[Python-ideas] Pass a function as the argument "step" of range()

Pierre Quentel pierre.quentel at gmail.com
Thu Jul 2 08:30:53 CEST 2015

In languages such as Javascript, the incrementation of a for loop counter
can be done by an operation, for instance :

for(i=1; i<N; i*=2)

would iterate on the powers of 2 lesser than N.

To achieve the same thing in Python we currently can't use range() because
it increments by an integer (the argument "step"). An option is to build a
generator like :

def gen(N):
    i = 1
    while i<=N:
        yield i
        i *= 2

then we can iterate on gen(N).

My proposal is that besides an integer, range() would accept a function as
the "step" argument, taking the current counter as its argument and
returning the new counter value. Here is a basic pure-Python implementation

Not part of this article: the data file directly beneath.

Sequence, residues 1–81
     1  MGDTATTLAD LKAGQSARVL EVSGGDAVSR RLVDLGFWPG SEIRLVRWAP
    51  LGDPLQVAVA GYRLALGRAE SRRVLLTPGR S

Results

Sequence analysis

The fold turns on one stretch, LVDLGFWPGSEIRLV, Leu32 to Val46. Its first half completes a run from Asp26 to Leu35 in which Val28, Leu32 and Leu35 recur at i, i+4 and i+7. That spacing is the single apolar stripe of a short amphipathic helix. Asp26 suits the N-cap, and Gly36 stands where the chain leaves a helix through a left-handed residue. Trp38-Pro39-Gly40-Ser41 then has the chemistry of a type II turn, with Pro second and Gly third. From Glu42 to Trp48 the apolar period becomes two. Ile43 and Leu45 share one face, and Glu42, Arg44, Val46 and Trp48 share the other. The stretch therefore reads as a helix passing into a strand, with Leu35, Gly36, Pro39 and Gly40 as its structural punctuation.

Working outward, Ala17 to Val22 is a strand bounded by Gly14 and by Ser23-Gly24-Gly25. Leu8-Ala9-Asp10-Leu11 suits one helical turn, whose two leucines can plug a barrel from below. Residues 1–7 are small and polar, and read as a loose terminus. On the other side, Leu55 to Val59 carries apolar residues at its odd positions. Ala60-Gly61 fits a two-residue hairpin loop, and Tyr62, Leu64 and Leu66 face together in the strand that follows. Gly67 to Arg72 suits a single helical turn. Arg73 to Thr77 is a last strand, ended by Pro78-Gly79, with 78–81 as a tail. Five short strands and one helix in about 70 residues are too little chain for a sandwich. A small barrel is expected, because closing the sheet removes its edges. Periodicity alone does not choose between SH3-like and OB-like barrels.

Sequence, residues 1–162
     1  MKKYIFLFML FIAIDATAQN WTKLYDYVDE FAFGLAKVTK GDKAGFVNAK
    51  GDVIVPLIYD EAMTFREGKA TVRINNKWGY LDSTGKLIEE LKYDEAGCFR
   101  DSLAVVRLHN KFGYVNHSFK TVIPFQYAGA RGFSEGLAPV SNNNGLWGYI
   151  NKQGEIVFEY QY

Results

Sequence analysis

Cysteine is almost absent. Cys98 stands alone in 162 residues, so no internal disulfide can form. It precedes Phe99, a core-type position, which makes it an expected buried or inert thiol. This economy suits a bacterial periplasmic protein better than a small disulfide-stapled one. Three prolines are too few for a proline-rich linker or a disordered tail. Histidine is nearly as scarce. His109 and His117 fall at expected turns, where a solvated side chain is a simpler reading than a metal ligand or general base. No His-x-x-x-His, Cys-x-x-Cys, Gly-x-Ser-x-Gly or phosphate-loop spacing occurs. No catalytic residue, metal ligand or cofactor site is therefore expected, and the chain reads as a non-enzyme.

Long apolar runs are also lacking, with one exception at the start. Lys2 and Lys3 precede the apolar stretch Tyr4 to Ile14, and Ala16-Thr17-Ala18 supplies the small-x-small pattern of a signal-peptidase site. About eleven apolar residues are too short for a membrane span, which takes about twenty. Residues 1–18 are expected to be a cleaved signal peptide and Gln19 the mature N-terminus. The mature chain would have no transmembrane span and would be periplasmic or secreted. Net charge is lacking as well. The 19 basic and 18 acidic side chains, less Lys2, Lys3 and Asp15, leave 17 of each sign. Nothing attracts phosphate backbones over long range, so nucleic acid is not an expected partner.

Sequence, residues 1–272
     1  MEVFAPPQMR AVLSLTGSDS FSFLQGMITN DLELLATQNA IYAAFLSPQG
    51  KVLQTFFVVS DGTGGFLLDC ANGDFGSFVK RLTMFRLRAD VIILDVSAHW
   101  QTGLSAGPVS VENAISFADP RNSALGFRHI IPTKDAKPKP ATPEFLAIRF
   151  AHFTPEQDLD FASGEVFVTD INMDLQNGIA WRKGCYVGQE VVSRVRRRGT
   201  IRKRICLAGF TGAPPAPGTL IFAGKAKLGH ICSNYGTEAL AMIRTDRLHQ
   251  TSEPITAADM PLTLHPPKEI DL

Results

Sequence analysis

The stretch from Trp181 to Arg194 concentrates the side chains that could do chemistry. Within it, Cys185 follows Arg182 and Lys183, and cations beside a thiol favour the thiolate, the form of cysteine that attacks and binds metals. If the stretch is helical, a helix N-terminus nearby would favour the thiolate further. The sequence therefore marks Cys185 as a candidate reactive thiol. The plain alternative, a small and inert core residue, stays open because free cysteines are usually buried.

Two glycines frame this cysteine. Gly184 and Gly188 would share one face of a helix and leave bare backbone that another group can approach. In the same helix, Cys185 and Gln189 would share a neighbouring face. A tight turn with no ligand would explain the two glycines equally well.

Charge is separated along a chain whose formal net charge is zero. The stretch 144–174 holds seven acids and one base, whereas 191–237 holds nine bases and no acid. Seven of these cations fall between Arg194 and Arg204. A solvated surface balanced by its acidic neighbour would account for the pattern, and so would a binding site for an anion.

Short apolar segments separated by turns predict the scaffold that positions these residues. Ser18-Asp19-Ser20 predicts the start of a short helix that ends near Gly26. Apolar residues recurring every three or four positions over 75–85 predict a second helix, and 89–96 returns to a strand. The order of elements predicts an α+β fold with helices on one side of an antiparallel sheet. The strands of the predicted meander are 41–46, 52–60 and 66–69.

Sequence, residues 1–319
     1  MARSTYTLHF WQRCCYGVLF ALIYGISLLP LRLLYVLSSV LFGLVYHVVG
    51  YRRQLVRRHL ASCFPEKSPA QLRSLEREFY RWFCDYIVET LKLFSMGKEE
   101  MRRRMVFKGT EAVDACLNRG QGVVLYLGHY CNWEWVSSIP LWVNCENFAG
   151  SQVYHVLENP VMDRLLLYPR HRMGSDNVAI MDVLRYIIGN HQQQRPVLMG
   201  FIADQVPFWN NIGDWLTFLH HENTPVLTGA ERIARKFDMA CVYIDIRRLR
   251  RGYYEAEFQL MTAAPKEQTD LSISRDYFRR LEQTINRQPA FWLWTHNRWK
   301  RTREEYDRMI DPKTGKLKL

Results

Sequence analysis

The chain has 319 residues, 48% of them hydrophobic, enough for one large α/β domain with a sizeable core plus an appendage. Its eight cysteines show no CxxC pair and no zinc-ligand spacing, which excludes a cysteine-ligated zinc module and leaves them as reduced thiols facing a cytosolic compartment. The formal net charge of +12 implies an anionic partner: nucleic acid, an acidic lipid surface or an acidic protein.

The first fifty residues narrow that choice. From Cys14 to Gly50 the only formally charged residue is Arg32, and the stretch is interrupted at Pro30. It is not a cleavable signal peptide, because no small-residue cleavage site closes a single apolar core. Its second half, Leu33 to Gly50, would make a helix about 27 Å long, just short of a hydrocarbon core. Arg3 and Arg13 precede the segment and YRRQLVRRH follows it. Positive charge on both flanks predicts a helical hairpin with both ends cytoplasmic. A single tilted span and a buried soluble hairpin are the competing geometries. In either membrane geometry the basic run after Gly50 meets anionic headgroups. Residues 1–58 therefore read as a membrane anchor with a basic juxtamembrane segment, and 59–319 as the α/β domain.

import operator

class Range:

    def __init__(self, start, stop, incrementor):
        self.start, self.stop = start, stop
        self.incrementor = incrementor
        # Function to compare current counter and stop value : <= or >=
        self.comp = operator.ge if self.stop>self.start else operator.le
        self.counter = None

    def __iter__(self):
        return self

    def __next__(self):
        if self.counter is None:
            self.counter = self.start
            self.counter = self.incrementor(self.counter)
        if self.comp(self.counter, self.stop):
            raise StopIteration
        return self.counter

Iterating on the powers of 2 below N would be done by :

for i in Range(1, N, lambda x:x*2)

I haven't seen this discussed before, but I may not have searched enough.

Any opinions ?
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